http://www.reflections-online.net/en/spiritual_jokes_4.php (from 2009)
THE CHILDREN’S BIBLE IN A NUTSHELL [just through Noah]
In the beginning, which occurred near the start, there was nothing but God, darkness, and some gas. The Bible says, ‘The Lord thy God is one, but I think He must be a lot older than that.
Anyway, God said, ‘Give me a light!’ and someone did.
Then God made the world.
He split the Adam and made Eve. Adam and Eve were naked, but they weren’t embarrassed because mirrors hadn’t been invented yet.
Adam and Eve disobeyed God by eating one bad apple, so they were driven from the Garden of Eden…..Not sure what they were driven in though, because they didn’t have cars.
Adam and Eve had a son, Cain, who hated his brother as long as he was Abel.
Pretty soon all of the early people died off, except for Methuselah, who lived to be like a million or something.
One of the next important people was Noah, who was a good guy, but one of his kids was kind of a Ham. Noah built a large boat and put his family and some animals on it. He asked some other people to join him, but they said they would have to take a rain check.
Seven reasons why God Created Eve
1. God was worried that Adam, being alone, would regularly get lost in the garden of Eden because he refused to ask for directions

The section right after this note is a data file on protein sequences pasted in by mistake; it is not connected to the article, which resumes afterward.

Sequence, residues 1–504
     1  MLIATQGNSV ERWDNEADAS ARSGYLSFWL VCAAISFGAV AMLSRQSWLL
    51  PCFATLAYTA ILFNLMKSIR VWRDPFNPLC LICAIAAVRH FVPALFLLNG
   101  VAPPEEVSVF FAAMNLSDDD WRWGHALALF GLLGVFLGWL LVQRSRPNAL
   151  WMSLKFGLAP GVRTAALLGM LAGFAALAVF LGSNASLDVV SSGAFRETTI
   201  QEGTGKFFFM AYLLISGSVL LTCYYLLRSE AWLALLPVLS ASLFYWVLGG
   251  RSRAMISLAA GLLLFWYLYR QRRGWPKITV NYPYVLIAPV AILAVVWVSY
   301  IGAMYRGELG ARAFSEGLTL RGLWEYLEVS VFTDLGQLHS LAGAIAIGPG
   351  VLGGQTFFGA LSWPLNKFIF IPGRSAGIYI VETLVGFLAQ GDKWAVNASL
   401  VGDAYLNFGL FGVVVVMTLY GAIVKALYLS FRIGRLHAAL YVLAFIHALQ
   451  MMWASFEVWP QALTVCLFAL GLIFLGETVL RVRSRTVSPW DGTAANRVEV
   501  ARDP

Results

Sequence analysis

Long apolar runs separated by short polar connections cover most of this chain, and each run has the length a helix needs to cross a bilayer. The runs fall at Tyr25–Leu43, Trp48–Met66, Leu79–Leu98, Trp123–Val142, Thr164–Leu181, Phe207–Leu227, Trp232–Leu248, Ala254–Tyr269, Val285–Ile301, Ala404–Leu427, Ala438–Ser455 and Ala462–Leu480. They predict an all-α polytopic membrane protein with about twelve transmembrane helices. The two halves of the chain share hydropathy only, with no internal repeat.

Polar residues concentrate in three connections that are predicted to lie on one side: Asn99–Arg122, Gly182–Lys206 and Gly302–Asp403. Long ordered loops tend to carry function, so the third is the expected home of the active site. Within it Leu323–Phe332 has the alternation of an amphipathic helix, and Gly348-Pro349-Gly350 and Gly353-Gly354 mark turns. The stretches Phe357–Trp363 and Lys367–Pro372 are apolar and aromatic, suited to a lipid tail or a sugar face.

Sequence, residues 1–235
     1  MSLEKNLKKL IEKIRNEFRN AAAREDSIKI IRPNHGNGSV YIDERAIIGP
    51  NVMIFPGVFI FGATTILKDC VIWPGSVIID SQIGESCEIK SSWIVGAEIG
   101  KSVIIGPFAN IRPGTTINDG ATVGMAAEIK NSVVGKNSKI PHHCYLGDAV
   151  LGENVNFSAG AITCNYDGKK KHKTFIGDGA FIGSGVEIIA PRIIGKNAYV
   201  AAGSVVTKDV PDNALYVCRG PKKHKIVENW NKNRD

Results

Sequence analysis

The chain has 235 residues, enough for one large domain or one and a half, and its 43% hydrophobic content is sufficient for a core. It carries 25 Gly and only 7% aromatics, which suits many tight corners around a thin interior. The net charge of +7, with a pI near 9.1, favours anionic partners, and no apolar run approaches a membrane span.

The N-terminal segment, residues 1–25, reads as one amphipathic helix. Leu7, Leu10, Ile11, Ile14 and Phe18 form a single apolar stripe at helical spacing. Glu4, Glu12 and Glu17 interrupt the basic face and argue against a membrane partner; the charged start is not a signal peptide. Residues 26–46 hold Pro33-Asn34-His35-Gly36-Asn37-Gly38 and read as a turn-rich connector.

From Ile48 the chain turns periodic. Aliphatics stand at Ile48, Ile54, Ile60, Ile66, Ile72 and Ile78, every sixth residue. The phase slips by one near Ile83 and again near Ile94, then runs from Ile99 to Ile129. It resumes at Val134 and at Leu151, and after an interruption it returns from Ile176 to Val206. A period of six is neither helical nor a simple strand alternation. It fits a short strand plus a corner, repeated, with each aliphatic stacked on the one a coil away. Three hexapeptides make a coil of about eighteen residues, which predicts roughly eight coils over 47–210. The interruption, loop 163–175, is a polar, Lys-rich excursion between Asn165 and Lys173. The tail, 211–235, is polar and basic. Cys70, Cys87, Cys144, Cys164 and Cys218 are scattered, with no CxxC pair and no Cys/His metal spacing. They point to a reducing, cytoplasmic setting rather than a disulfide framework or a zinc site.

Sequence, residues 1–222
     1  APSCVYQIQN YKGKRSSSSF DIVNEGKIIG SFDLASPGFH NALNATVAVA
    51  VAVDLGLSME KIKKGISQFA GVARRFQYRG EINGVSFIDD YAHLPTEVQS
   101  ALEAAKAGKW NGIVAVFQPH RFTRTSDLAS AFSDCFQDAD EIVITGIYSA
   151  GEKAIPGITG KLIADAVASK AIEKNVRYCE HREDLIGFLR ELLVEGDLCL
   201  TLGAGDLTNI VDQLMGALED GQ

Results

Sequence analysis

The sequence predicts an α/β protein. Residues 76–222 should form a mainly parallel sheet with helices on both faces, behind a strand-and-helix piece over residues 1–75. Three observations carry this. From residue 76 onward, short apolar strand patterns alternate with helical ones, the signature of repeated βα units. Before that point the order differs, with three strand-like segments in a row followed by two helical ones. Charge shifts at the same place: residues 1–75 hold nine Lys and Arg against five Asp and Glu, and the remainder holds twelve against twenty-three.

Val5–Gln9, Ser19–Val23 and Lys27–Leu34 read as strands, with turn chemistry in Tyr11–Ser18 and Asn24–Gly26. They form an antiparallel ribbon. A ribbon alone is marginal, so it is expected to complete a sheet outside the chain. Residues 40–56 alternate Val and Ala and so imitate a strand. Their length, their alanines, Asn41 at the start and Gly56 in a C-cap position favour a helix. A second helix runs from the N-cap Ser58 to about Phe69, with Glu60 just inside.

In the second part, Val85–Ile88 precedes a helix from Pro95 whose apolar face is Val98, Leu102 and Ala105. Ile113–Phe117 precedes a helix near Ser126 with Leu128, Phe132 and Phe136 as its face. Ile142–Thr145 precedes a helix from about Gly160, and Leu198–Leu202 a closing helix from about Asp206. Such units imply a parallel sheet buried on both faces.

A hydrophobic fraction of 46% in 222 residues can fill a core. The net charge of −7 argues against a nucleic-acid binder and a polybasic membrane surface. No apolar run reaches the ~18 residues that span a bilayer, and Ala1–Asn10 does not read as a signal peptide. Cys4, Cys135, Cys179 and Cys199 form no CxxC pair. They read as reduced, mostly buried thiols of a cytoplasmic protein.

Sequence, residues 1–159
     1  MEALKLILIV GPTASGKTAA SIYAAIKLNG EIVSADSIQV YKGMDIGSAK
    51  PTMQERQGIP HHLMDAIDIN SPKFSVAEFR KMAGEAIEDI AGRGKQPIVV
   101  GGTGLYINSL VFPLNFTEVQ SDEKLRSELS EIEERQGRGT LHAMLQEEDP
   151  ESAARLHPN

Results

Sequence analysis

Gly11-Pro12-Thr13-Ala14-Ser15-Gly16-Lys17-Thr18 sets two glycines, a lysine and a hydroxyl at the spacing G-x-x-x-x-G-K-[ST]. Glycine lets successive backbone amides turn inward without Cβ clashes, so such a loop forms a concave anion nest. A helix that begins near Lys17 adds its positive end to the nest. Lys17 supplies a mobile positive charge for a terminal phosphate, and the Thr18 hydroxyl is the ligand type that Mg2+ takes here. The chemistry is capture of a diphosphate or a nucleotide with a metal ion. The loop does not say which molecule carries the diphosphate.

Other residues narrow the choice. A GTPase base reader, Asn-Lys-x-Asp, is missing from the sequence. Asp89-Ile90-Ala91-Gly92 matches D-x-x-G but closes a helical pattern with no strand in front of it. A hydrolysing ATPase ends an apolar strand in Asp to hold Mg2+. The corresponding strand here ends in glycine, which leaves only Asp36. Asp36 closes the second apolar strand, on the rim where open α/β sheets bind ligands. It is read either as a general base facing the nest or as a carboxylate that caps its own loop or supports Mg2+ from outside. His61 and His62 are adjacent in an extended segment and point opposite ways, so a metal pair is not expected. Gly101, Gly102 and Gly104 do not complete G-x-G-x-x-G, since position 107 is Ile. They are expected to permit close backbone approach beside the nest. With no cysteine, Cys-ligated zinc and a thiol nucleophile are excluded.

2. God knew right from the start that Adam would eventually need someone to find the remote and then hand it to him
3. God knew that Adam didn’t have any idea how to choose the latest style of fig leaf when his old one wore out. He would therefore need someone to choose one for him
4. God knew that Adam would never be able to make an appointment with a doctor, dentist or hairdresser all by himself
5. God knew that Adam was having difficulty in remembering which days he needed to put the recyclable rubbish in the ‘green’ bin
6. God knew that if the world was to be populated, Adam would never be able to handle the pain and discomfort of childbearing
7. When God finished creating Adam, he stepped back, scratched his head, and said, “I can do better than that.”
The New Wave